THIS MESSAGE is intended to illuminate the record of the present Liberal government in the area of justice. Of particular concern is the erosion and debasement of civil liberties, of due process, of fundamental Canadian citizenship and of basic fairness.
THIS EROSION AND THIS DEBASEMENT have crept into our justice system over a number of years. Following the Deschenes Commission Report on War Criminals in Canada, the Mulroney government passed Bill C-71 in August 1987 allowing criminal prosecution of people suspected of killing Jews during WWII. Having failed to convict a single victim under the rigorous rules of evidence required by criminal law, the Liberal government in 1995 switched its strategy to the civil procedure of denaturalization and deportation with its lax rules of evidence.
Denaturalization and Deportation process:
Under civil rules of evidence, "proof beyond a reasonable doubt" is replaced by "on the balance of probabilities". A jury of 12 peers is replaced by a single solitary judge. The issue is not whether the accused committed any atrocities, but whether the accused lied to immigration authorities when he immigrated to Canada. There is no appeal. Every safeguard inherent in the criminal trial process is removed.
In practise, there are virtually no records, no witnesses directly involved and no reliable corroborative evidence presented to the courts. The prosecution abandons the pretence of war criminality, and tries to convince the judge that "on the balance of probabilities" the accused must have committed an immigration infraction when coming to Canada, even though there is no direct evidence of this either.
In all seven cases completed thus far, the judge ruled that there was no evidence that the accused participated in the commission of war crimes. Nevertheless, in four of the cases, the judge ruled that "on the balance of probabilities" a hypothetical visa control officer held a hypothetical interview during which he asked hypothetical questions to which the accused did not answer truthfully.
THIS is what experts say about such laws and processes:
Ian Hunter, professor emeritus, law faculty of Univ. of Western Ontario (Report, July 24, 2000): "Is it fair for the government to have alleged war crimes against [an accused] and then, having failed to prove its case, to obtain the same result (denaturalization & deportation) through the much less serious allegation of failing to disclose information on a citizenship application? Is this not tantamount to guilt by association?"
Roger Salhany (retired) Justice of Ontario Superior Court (opinion on a d/d case decided in Feb., 2000): "…a judge who admits and relies upon evidence which is not admissible in law makes an error in law. A judge who makes an erroneous finding of fact from the evidence presented and relies upon that fact to reach a conclusion errs in law. A judge who draws an unreasonable inference from the testimony of a witness and relies upon it in reaching his decision errs in law. A judge who fails to apply the correct onus of proof or incorrectly applies it errs in law. In my view such errors in law were made in this case by the learned judge."
In the past year, the Liberal government has accelerated its attack on Canada’s justice system by introducing three major bills, which are astounding in their blatant hypocrisy:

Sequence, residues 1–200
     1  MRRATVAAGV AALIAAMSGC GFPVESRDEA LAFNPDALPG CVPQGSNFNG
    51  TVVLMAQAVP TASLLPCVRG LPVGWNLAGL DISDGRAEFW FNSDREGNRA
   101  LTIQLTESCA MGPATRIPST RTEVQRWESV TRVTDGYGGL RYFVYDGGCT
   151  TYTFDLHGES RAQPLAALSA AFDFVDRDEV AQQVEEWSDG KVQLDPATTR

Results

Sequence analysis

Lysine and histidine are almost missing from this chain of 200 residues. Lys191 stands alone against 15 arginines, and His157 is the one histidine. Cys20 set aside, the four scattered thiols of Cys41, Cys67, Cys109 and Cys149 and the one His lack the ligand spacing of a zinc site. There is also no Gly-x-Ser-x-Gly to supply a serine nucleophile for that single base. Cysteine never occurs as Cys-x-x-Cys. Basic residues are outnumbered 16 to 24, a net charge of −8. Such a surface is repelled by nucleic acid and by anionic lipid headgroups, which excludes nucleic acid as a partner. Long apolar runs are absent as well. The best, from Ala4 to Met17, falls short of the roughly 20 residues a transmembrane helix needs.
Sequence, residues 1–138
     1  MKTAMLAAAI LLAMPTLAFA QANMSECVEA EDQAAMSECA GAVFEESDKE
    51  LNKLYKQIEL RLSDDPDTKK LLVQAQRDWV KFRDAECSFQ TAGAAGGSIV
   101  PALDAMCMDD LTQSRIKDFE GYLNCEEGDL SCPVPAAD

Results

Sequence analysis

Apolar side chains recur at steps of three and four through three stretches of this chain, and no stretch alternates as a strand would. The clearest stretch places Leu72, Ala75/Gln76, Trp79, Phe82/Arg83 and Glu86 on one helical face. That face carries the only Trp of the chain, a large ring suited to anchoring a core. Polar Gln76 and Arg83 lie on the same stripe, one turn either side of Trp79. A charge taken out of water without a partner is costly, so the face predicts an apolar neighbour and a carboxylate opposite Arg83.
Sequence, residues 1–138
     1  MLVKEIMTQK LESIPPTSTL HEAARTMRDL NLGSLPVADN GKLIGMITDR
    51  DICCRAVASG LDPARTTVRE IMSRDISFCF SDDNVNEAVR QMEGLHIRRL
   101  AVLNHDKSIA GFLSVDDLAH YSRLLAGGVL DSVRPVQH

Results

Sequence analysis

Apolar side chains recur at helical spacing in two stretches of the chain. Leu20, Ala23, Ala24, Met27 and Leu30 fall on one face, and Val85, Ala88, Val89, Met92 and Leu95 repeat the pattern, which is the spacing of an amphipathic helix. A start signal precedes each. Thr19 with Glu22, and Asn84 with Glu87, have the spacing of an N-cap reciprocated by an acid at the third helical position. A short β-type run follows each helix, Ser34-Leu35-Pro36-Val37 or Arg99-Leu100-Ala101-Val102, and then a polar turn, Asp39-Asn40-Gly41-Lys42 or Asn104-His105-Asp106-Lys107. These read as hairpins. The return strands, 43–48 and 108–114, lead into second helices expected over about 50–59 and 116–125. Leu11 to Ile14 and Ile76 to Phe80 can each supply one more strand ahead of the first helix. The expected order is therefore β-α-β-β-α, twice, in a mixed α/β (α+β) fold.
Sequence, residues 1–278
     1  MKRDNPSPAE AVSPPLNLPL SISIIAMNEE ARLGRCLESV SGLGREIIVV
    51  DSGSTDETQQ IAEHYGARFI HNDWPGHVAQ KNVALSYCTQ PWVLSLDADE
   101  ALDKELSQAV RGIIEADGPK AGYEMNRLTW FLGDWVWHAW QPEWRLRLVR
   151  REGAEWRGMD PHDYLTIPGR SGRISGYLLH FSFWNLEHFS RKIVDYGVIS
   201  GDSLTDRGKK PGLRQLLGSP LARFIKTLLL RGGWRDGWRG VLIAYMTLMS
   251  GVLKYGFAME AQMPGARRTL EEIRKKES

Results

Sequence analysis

Bill C-19 (Crimes Against Humanity Act)
* on the one hand, Canada joins the international community in insisting that the motivational element ("crimes against a civilian population or any identifiable group") be part of major offences -- yet, in relation to alleged World War II offences tried in Canada, the federal government insists this element be removed
* on the one hand, Canada joins the international community in insisting there be no retroactively created crimes brought before the International Criminal Court -- yet, in relation to alleged World War II offences tried in Canada, the federal government insists on retroactive application.
Bill C-16 (Citizenship of Canada Act)
* refugee claimants (no matter what crimes they may have committed in their country of origin or how they managed to gain entry into Canada), along with visitors (no matter what crimes they commit while in Canada) are afforded the following civil rights benefits:
o Charter protection
o Right to a hearing before Immigration & Refugee Board
o An appeal to the Federal Court or to the Supreme Court of Canada
o Right of trial by jury
o Case decided on proof beyond a reasonable doubt
* However, for persons forced to endure the denaturalization & deportation process, every one of the foregoing benefits has been removed.
Bill C-31 (Immigration and Refugee Protection Act)
* creates two-tiered citizenship and two-tiered justice; because
* when someone born in Canada is accused of a serious crime, that person is entitled to a fair trial, is presumed innocent until found guilty, and the prosecution is required to prove, beyond a reasonable doubt, that such a crime was committed by the accused;
* but when an immigrant is accused of having been involved in serious crimes that allegedly occurred over a half century ago, even though there is no evidence directly linking that person to any atrocity, that person is required to prove themselves innocent!
Justice Minister, Anne McLellan has been at the forefront in promoting these bills and the denaturalization and deportation process.
VOTE on Election Day, as you please, but in casting your ballot, recognise that Anne McLellan has succeeded in bringing the justice system in this country into total disrepute!
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